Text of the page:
It can turn losers into winners.

It can turn doubters into believers.

It can turn pacifists into activists

If you create a Creed, you will create a culture. 

Why Workplace Culture Matters

Workplace Culture

If you plant a perfect palm (tree) seed in North Dakota, the seed will not grow.

Why?

Is it because the seed is bad?

No.

It’s because palm (tree) seeds need to be in very warm places with high humidity in order to sprout and grow.

It’s not just the seed that matters.

But also putting it into the right soil.

Typically when we think of improving performance, we think of improving ourselves – and that’s a good thing.

But leaders can never forget that it’s a two part equation: “right seed right soil.”

As performers, we’re like the seeds. And our job is to always prepare ourselves to be the best.

But as a leader our job is to also prepare the right soil for our seedlings to sprout.

Too often leaders blame a person’s poor performance on their lack of commitment, their lack of skill, or their lack of discipline.

But the reality is that many times the seed is fine, they just aren’t in “the right soil.”

They haven’t been given the right tools.

They haven’t been given the proper training.

They haven’t been given ample attention.

And just like a seed won’t sprout if we don’t provide the proper care, neither will a good team member ever perform if they are in the wrong environment.

It’s always about the right seed and the right soil.

So if you’re a leader make sure you’re not only trying to find the best seeds, but that you’re also doing the work to prepare the proper soil.

You’re Gossiping and You Don’t Even Know It

GOSSIPING

People say all the time “I never gossip” but unfortunately many of them are mistaken. 

They do participate in gossip, they just don’t realize it. 

Because we think of gossiping as “telling” secrets we’ve heard; but there’s more to it than that. 

To listen to gossip is to participate in gossip. 

Why?

Because when you listen to gossip you create a clearing and an environment for an emotional person to propagate their story. 

In other words you give a gossiper an audience. And that invites and encourages them to continue talking about whatever it is that they are talking about.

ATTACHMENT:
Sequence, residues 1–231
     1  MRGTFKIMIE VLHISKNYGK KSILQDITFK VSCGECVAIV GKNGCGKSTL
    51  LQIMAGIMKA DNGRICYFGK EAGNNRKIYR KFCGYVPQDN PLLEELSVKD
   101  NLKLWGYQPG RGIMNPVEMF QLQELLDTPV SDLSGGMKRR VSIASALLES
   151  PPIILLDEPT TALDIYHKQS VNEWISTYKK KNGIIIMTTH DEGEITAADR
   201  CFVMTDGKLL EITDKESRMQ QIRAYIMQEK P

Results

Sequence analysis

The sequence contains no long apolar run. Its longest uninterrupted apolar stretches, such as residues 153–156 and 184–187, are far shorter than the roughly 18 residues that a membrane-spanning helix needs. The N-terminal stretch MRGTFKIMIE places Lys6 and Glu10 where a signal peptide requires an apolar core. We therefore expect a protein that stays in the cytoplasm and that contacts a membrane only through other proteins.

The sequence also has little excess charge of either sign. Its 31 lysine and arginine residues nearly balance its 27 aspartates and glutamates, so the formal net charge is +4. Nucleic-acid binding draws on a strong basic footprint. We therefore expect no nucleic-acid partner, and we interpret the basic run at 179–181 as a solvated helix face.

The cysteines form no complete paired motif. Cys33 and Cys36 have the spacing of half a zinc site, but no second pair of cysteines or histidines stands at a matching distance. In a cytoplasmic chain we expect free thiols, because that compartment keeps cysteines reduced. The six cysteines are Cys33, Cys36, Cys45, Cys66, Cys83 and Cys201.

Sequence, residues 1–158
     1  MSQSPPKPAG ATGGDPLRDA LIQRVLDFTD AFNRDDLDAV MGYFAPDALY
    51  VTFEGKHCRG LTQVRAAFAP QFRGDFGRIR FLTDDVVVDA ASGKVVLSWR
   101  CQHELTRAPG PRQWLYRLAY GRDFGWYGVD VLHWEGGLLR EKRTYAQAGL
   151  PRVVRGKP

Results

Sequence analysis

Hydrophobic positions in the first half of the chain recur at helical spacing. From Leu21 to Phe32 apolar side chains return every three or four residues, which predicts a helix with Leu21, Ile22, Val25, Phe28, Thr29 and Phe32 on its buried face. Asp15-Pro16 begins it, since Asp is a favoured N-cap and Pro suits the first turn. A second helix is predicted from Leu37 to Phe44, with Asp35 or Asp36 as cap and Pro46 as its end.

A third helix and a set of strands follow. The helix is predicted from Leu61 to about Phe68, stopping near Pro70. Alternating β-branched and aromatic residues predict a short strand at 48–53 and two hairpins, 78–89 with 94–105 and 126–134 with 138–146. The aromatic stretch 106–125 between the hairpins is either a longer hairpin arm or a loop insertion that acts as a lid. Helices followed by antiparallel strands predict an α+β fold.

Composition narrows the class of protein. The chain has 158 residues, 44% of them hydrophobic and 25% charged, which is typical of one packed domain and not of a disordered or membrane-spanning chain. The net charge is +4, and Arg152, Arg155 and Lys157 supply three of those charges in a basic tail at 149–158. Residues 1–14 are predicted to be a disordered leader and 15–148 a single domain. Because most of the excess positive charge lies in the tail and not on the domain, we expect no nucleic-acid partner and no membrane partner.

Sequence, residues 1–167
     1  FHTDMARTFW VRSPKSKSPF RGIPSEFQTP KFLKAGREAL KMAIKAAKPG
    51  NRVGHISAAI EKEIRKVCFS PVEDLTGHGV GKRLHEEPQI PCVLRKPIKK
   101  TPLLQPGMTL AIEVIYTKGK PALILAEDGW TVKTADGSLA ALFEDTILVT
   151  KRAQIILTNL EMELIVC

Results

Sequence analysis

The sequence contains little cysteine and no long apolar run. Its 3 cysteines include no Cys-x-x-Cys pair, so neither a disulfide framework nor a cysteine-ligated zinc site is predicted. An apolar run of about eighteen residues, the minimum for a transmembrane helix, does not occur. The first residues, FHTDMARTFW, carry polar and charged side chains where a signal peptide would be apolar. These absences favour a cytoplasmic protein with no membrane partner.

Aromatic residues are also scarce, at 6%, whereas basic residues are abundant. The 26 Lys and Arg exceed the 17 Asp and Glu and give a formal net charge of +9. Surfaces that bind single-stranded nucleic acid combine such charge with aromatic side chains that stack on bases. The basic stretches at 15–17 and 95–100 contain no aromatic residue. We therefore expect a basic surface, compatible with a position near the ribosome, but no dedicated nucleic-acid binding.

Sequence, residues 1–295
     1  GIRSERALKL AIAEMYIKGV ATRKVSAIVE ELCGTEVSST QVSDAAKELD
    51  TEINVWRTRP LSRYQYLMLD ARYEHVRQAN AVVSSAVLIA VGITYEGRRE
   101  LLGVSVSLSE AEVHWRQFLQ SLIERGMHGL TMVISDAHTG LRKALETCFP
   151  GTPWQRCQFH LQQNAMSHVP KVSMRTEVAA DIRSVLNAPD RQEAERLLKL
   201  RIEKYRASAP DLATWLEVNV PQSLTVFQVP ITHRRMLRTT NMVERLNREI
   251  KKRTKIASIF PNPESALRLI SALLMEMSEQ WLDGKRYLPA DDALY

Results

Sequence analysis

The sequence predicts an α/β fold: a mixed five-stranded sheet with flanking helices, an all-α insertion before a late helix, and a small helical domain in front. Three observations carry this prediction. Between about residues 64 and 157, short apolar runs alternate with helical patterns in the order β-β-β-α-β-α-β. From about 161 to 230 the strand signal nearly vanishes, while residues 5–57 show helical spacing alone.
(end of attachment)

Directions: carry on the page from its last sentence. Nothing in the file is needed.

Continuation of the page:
Listening to gossip will at minimum make the person feel more validated and at most fan their flame to share even more. 

Because it’s hard to listen to gossip and not be agreeable and supportive of the person you’re listening to. It’s human nature to want to empathize with another person- especially when they’re frustrated or complaining. 

But by doing that you become an active member of the gossip crowd. You are advancing what is being said. 

So how do you know if what you are listening to is gossip?

Simple: Gossip is anything even remotely negative being said about a person who isn’t there. 

The moment someone you are talking to starts talking negative about another person you have immediately crossed into the gossip zone. 

And remember if you’re listening to gossip then you are participating in gossip. 

So how should you respond?

Also simple: You interrupt the person as quickly and politely yet firmly as possible and say “Hey, hopefully you don’t mind but I actually made a resolution this year that I would not talk negatively about or listen to negative talk about someone who isn’t in the room with me. I do want to support you and be a good friend though and the biggest thing I’ve learned that helps is to go talk directly with ________. I think that would probably help.”

This of course is simple but not easy. 

And yes you may lose some friends over this. And the ones you lose will probably be vocal about you being on your high horse because misery loves company and misery often gets angry when their company moves on and leaves them alone. 

But it’s the best thing you can do for yourself, the person who isn’t there, and the person who is frustrated. 

Because, as Eleanor Roosevelt is credited with saying: Great minds discuss ideas; average minds discuss events; small minds discuss people.”

Creating a Workplace Culture that Rocks with Arnie Malham – Episode 172 of The Action Catalyst Podcast

workplace culture

Arnie Malham created a small side venture to help a few clients market beyond just the TV station. That venture ultimately got him fired and quickly became his best and only career option.Without a clue as to how to run a company, Arnie repeatedly “got it wrong” when it came to hiring, firing, and everything else related to building a business. Armed with his belief that different is better than good, outliers are fascinating, and mind-set is everything, Malham persevered.

Thanks to hundreds of business books, dozens of patient mentors, and a universe conspiring to help him, Malham stumbled upon a bold, culture-first approach that gave his fledgling company the momentum it needed. cj Advertising grew to become the largest full-service brand-building agency in the country… exclusively for law firms. Malham has since leveraged his cutting-edge culture to launch two other businesses, Legal Intake Professionals and BetterBookClub.com.